Feb. 28 (Bloomberg) -- Inflation in five German states accelerated in February as energy prices increased.
Inflation rates rose in Baden-Wuerttemberg, Bavaria, Brandenburg, Hesse and Saxony, the states’ statistics offices said today. Economists forecast that German inflation, calculated using a harmonized European Union method, slowed to 2.2 percent from 2.3 percent, the median of 25 estimates in a Bloomberg News survey shows. The Federal Statistics Office will release that report, based on data from six states, later today.
“Oil prices have risen very strongly in recent weeks and that will be the main component in inflation,” said Alexander Koch, an economist at UniCredit Group in Munich. “At the same time, the economy is slowing in comparison to last year and that will ease price pressures.”
Concern that sanctions against Iran’s nuclear program will disrupt crude supplies from the second-biggest producer in the Organization of Petroleum Exporting Countries has driven oil prices 9.6 percent higher this year, even as the global economy slows. The European Central Bank cut its main interest rate twice in the fourth quarter to a record low of 1 percent as the effects of the region’s debt crisis threatened to choke growth.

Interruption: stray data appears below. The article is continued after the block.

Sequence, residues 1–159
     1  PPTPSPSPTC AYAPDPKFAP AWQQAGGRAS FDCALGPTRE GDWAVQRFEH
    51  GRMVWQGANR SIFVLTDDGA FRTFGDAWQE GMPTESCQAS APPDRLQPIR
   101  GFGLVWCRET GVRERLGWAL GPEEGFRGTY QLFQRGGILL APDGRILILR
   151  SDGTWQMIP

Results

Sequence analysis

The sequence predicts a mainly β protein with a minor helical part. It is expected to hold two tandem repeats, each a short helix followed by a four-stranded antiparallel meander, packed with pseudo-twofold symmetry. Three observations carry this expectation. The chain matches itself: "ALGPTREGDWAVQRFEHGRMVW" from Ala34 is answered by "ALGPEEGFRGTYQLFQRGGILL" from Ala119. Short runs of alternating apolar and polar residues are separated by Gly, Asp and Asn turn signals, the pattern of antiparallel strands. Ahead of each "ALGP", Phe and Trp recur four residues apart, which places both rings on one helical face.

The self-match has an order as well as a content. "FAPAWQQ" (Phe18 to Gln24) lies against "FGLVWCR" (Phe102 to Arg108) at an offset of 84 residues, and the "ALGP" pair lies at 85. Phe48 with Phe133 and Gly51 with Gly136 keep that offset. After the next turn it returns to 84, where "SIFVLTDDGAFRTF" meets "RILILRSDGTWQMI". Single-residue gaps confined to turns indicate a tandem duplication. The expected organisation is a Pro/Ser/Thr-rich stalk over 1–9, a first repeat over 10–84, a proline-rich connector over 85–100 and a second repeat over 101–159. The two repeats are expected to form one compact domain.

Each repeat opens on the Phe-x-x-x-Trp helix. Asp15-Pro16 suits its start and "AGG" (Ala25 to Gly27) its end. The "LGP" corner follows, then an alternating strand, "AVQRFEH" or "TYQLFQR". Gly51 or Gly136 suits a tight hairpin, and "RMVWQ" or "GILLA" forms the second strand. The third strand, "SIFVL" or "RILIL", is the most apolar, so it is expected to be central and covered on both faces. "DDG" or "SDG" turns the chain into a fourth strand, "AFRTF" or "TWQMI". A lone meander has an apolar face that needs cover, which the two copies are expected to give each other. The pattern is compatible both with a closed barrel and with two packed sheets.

The German economy, Europe’s largest, contracted 0.2 percent in the fourth quarter as government spending cuts across the euro area damped demand for the country’s exports. The European Commission forecasts German growth will slow to 0.6 percent this year from 3 percent in 2011.
By contrast, the commission projects economic contractions in Italy and Spain of 1.3 percent and 1 percent respectively for this year. The 17-nation euro economy will shrink 0.3 percent in 2012, it said on Feb. 23.
Monthly Yearly Change Change Bavaria 0.9 (-0.4%) 2.6 (2.3%) Brandenburg 0.8 (-0.4%) 2.5 (2.2%) Hesse 0.8 (-0.3%) 2.2 (1.9%) North Rhine-Westphalia n/a (-0.4%) n/a (1.8%) Saxony 0.7 (-0.4%) 2.4 (2.3%) Baden-Wuerttemberg 0.9 (-0.4%) 2.5 (2.2%)
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